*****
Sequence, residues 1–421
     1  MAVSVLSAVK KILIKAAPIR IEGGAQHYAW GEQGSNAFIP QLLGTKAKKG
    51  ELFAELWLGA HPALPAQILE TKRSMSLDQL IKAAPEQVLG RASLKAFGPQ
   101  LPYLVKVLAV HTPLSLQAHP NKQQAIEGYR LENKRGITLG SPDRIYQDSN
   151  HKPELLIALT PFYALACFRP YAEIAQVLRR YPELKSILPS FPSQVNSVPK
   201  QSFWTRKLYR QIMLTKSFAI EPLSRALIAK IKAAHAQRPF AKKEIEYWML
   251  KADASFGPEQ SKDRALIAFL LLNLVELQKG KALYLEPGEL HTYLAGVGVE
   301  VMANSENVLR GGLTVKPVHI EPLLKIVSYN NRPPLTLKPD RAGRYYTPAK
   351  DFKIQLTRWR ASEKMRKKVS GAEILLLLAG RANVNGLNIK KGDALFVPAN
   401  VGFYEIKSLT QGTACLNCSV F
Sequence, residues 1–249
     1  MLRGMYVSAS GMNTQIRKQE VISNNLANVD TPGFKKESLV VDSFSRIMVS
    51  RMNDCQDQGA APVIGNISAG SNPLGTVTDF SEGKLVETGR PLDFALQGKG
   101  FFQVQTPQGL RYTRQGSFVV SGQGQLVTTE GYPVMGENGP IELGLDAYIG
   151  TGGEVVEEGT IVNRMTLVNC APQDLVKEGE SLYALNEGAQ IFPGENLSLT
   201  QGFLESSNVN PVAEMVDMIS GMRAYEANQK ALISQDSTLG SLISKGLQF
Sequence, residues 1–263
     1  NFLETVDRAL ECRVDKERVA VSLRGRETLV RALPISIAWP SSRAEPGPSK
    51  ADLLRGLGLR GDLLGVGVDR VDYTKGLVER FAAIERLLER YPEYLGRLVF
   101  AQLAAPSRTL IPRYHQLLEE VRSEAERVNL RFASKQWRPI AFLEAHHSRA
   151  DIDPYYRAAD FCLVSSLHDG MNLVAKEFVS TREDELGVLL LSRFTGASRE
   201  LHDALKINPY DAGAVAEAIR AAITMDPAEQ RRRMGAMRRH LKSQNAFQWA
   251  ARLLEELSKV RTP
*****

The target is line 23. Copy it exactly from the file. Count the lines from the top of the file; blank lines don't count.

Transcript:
   251  ARLLEELSKV RTP